Skip to main content

Main Building

Pillared Temple Hall

c. 1560
Artist/maker unknown, Indian

Fifty-eight sixteenth-century granite architectural elements are presented within the museum gallery in an arrangement designed to resemble a South Indian temple hall (mandapam). In 1913 these pieces lay discarded at the small Madanagopalaswamy Temple in Madurai, where a Philadelphia couple purchased them while on their two-year-long honeymoon. But recent research supports that the majority were created for the large Kudal Alagar Temple nearby. There they had been part of a shrine to the goddess Lakshmi, wife of the Hindu deity Vishnu. This shrine had become dilapidated, and the temple authorities dismantled it by 1907, completing its replacement by 1923.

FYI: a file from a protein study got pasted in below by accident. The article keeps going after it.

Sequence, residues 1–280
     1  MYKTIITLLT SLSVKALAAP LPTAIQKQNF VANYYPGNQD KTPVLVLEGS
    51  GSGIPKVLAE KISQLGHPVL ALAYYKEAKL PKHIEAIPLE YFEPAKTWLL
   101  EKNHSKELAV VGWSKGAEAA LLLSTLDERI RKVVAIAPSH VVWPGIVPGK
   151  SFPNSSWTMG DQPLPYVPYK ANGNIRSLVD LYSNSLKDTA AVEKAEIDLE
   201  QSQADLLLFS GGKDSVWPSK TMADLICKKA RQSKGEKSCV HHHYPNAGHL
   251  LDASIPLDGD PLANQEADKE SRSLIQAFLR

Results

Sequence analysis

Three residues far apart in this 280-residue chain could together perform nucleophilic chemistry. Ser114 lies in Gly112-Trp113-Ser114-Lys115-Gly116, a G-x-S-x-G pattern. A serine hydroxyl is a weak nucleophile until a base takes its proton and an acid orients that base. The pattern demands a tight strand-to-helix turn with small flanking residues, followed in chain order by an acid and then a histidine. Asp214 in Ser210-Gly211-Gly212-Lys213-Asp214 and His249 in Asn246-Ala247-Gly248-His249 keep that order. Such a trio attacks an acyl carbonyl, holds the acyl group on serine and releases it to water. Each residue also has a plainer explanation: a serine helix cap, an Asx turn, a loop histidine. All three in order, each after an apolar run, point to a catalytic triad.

Stone slabs between the lion brackets depict several scenes from the Ramayana, the epic tale of one of Vishnu's earthly incarnations. They once formed parts of a carved frieze showing the entire story. The life-size figures projecting from pillars are deities and mythological characters, including from the Ramayana. The many small images on the pillars include gods and heroes as well as humans (like an architect with his measuring stick).

...

Object Details

We are always open to learning more about our collections and updating the website. Does this record contain inaccurate information or language that you feel we should improve or change? Contact us here.

Please note that this particular artwork might not be on view when you visit. Don’t worry—we have plenty of exhibitions for you to explore.


Main Building